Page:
Though the handle’s a bit of a collector’s item now, its simplicity says something about the company. Ursa Major cares about biodegradable goods that feel good to use and look good to have. Sustainable design. Do their personal care products cost a premium? Absolutely. Is that inaccessible price tier indicative of the quality of the potions inside the modern-outdoorsy designed canisters? That’s for you to decide. I lean on the side of niche-audience marketing in a subversive neo-capitalistic hellscape. Nah, the potions are cute.
Hey, I like our environment. I’ll back a conscious company any day. The Ursa Major razor handle reminds me of a quality leather wallet—an investment in lasting kit that’ll age right along with you. But my wallet’s not the size of the tree that was felled to make that handle. As a careful consumer I’d opt for a similar, more cost-effective brand like Tom’s of Maine. Come to think of it, Ursa Major is a Vermont brand. It could be Vermont’s answer to Tom’s of Maine. Could be I’m unaware of some turf war between New England personal care brands. In that case, before I become a plaid-donning political prisoner, know that I stand by Ursa Major’s site design over Tom’s. It’s much cleaner and the bear logo is substantially more huggable than my own name in stamp form.
Here’s one more photograph of me and the stubble cigar. My brother took all of these—thanks Kevin.
May 27, 2020
Sometimes you look at a word and it speaks to you.
I recently ramped up work with Gikken, a Berlin-based boutique Apple software company. Alex from Gikken introduced me to a newsletter called Dense Discovery. Upon reading Dense Discovery this evening, I tripped over an American indie magazine called Fifty Grande, wherein I was drawn to an article about folk artists living out of a van. I thought: “Hey, that’d be pretty damn cool to live out of a van.” It’s a thought I’m sure you’ve humoured at one point. In that article, I read the word congestion. It spoke to me.
Why is congestion speaking to me? It’s kinda gross. What does it connote? Mucus? Traffic? Blockage? I’ve dealt with an embarrassing amount of glottal mucus all my life, having been raised in an agrarian suburb. We’ve taken a turn for the intimate.
No, these superficial connections were not, in this instance, what first came to mind. For some reason I read that word like it was brand new. Thought of the raw meaning of it—what might be a definition stripped of allegiance to any particular congestive circumstance. I got all philosophical.
I studied comparative religion in college. My brother asked me on a walk today whether I’m an atheist. I won’t get into that here. Brought this up because my philosophy of religion courses used ancient allegories to illustrate spiritual concepts. Once meditated on a blueberry and felt it more intensely than certain prior sexual encounters. Blueberries’ll do that to ya.
Congestion is something we deal with incessantly. Congestion of the mind. I’m not sure where I’m going with this but I’m trying to unearth something via writing. Little thought purge. Ain’t that what they recommend?
Making sense of it
Nothing makes sense—that’s why it’s called making sense. You ought to manufacture the sense yourself.
Congestion is a temporary status. If a passageway were perpetually blocked it wouldn’t be blocked at all because it wouldn’t be a passageway to begin with. Unless it began as a passageway like some Egyptian tomb that subsequently crumbled and was to remain in ruin for near eternity.
Let’s agree that it’s temporary. Shouldn’t congestion then be relievable? It often is relieved. Can that relief be facilitated manually? If we are discussing mental congestion, then surely it may be. Phobia, for example, causes a congestion that takes gradual chipping away at to allow for the passage of… well, some inverse of fear. Writer’s block, however, simply takes:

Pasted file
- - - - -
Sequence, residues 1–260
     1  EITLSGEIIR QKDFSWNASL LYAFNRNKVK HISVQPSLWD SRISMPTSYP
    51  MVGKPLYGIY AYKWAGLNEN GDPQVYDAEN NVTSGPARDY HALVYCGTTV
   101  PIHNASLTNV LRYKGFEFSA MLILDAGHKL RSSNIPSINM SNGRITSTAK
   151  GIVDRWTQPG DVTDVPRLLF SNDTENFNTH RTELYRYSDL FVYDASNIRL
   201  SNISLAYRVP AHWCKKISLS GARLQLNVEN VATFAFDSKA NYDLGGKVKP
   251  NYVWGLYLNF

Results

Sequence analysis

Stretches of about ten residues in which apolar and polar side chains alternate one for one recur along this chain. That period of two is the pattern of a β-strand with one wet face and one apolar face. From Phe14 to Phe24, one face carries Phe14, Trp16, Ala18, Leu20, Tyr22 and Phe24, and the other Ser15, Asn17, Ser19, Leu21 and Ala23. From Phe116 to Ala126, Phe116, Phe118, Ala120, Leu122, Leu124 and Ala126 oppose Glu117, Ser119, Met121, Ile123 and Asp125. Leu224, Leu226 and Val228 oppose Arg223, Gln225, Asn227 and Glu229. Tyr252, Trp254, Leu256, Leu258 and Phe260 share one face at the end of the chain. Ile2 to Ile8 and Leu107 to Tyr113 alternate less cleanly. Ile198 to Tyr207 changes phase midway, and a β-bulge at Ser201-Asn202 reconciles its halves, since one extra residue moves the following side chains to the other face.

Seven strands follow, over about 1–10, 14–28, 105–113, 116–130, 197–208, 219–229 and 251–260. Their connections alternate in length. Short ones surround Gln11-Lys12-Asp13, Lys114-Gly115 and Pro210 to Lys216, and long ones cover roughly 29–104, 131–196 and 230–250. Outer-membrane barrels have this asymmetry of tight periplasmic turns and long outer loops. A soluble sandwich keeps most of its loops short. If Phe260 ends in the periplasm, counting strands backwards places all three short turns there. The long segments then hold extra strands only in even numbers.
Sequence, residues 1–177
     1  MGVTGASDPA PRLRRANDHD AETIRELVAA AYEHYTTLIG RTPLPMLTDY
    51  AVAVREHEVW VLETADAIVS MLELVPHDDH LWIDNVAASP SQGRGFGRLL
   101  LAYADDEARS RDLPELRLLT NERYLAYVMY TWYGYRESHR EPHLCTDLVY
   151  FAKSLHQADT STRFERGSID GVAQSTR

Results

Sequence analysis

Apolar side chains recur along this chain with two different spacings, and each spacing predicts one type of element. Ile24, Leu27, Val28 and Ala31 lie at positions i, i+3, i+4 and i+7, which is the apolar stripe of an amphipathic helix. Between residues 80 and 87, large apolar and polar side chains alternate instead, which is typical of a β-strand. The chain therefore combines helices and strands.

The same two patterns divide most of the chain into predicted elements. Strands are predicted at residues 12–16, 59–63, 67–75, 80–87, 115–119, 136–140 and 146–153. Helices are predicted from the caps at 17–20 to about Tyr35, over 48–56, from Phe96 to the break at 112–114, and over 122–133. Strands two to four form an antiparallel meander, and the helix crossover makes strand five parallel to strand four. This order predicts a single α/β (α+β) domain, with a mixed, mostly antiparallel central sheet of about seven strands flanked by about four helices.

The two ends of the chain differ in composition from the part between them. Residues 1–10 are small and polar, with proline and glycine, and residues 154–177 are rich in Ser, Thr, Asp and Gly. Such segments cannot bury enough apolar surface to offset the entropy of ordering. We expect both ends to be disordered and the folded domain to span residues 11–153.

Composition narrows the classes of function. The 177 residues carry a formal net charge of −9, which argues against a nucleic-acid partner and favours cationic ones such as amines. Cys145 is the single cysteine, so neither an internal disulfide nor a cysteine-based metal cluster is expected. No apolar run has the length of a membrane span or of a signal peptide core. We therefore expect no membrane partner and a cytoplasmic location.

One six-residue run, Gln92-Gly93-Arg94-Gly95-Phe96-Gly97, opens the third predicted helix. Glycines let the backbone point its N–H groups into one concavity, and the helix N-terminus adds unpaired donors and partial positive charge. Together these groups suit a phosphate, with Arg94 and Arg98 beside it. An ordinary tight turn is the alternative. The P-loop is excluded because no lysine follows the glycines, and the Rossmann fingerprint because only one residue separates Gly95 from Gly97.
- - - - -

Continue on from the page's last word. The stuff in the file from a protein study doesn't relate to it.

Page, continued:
- Two (2) parts bourbon.
- One (1) part amaretto.
- A spit of lemon juice.
- A dewdrop of maple syrup.
- Your evening mug met with ice.
It’s time to sleep. If you too are due for a snooze, may we both awake without congestion, mental or otherwise.
May 24, 2020
The beginning of a letter from Sol LeWitt to Eva Hesse:
Just stop thinking, worrying, looking over your shoulder, wondering, doubting, fearing, hurting, hoping for some easy way out, struggling, grasping, confusing, itching, scratching, mumbling, bumbling, grumbling, humbling, stumbling, numbling, rambling, gambling, tumbling, scumbling, scrambling, hitching, hatching, bitching, moaning, groaning, honing, boning, horse-shitting, hair-splitting, nit-picking, piss-trickling, nose sticking, ass-gouging, eyeball-poking, finger-pointing, alleyway-sneaking, long waiting, small stepping, evil-eyeing, back-scratching, searching, perching, besmirching, grinding, grinding, grinding away at yourself. Stop it and just do.
It sat on Frank’s desk. While he hated referring to alleged quotes for inspiration, he knew this was some bona fide correspondence and he liked the sounds of the words in the long list when said. Frank considered that he would willingly give up all of Sol’s suggested verbiage besides boning if it would mean he could do in the sense of accomplishing something rather than ing-ing about it. Then he pondered the disparity between boning and doing and wondered profusely which provided more agency to that being boned or done. Or whether it should be them rather than that, for that matter—for their matter.
The phone rang, as they tend to do. Frank spat his toothpick into the deforested hectare of felled wood-pike disarray fencing a lousy perimeter ’round his desk chair.
“Frank.” said Frank.
“Frank I need you to tell me what’s on channel nine. It’s dire. Frank. Frank? Can you hear me? Turn to channel nine. Be a dear and tell me what’s on channel nine. Frank dear do it now. I know, I know, thank you Frank.” said a high-pitched voice across the telephone line.
As Frank listened to his name leak out her lips a dozen times, he pinched and spun around the embossed brass nameplate at the edge of his desk. The more he stared at the letters, the less they formed the name he’d been branded with much like that cheap metal rectangle who wore it better.